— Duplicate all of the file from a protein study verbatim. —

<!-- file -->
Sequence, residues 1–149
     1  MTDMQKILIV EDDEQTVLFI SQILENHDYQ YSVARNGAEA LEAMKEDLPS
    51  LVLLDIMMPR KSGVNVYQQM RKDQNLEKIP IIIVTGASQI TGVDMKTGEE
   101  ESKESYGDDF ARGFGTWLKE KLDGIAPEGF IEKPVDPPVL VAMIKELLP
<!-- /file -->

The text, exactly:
Sequence, residues 1–149
     1  MTDMQKILIV EDDEQTVLFI SQILENHDYQ YSVARNGAEA LEAMKEDLPS
    51  LVLLDIMMPR KSGVNVYQQM RKDQNLEKIP IIIVTGASQI TGVDMKTGEE
   101  ESKESYGDDF ARGFGTWLKE KLDGIAPEGF IEKPVDPPVL VAMIKELLP